By Andrew McSteen
As the final whistle sounded at the bet365 Stadium in Stoke on Saturday afternoon, Roy Hodgson’s Crystal Palace side walked off the pitch with a 2-1 victory which ensured another season in the top flight for them, but relegation after 10 years for their defeated opponents.
Palace Co-Owner and Chairman Steve Parish knows all about the trials and tribulations of running a Premier League club and was quick to acknowledge the mood around the Staffordshire club after their demotion.
“I’m disappointed for Stoke City but obviously, someone has to go down,” said Parish to the South London Press. “The fans are always so nice when we go up there and the owners are just wonderful people. The club is so important for the town – we’re not celebrating; no-one’s celebrating, it’s not the place to do it. We’ll have our own celebrations somewhere else.”
Palace did afford a small celebration though as they left the pitch to the changing rooms, with the Croydon-born Hodgson being singled out for praise by the near 3,000 away fans who sung ‘Roy Hodgson – he’s one of our own’.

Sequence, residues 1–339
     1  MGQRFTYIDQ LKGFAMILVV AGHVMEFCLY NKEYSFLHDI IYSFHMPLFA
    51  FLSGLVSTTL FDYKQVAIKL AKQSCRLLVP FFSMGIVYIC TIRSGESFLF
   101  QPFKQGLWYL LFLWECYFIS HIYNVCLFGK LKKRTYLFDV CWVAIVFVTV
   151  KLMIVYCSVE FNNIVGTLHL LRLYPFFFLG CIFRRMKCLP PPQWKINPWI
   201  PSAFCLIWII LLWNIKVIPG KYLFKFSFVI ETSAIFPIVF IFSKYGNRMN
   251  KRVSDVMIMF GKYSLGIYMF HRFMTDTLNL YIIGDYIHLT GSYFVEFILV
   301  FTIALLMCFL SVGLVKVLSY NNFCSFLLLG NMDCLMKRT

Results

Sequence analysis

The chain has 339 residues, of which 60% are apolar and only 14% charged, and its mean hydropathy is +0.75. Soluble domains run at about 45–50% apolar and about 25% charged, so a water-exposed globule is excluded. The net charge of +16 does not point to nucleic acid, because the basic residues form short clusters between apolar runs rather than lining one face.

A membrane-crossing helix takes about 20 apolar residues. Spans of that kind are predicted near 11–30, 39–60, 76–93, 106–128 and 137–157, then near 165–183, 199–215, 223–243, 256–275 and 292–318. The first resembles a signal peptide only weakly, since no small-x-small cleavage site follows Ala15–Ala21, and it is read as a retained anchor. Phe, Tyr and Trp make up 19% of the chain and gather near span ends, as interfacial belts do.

“I went into our changing room, but I didn’t stay outside for very long – that moment was for the players, for the fans and Roy to enjoy,” said Parish. “I disappeared [at the end] because I felt, as good as moment it was for us I wanted to be respectful to Stoke and the hospitality they and the owners always show us.
“But I’m feeling good obviously, very good,” he continued. “I’m pleased for the players, I’m pleased for the fans, I’m pleased for the management – everybody’s worked so hard.”
No one team is guaranteed anything in one of the world’s best and lucrative sporting leagues and as recent as 2013-14 when Palace gained promotion back to the Premier League, many observers commented that Palace could create a challenging atmosphere at Selhurst Park for visiting teams like Stoke had done at the then Britannia Stadium.
“Yeah of course,” said Parish. “There’s a lesson in there because it shows you anybody can get relegated, anybody. These guys finished in ninth position for three years running. We know that, and I think supporters need to understand that sometimes.
“The Premier League is the most competitive division in the world so that shows you just what’s been achieved really: giving up seven games without no goals, to turn it around is just a fantastic credit to all the good people at the training ground, to Roy (Hodgson), to Ray (Lewington), to Steven (Reid) and to the players – of course, we knew we had a talented group but without a leader it doesn’t really work.”
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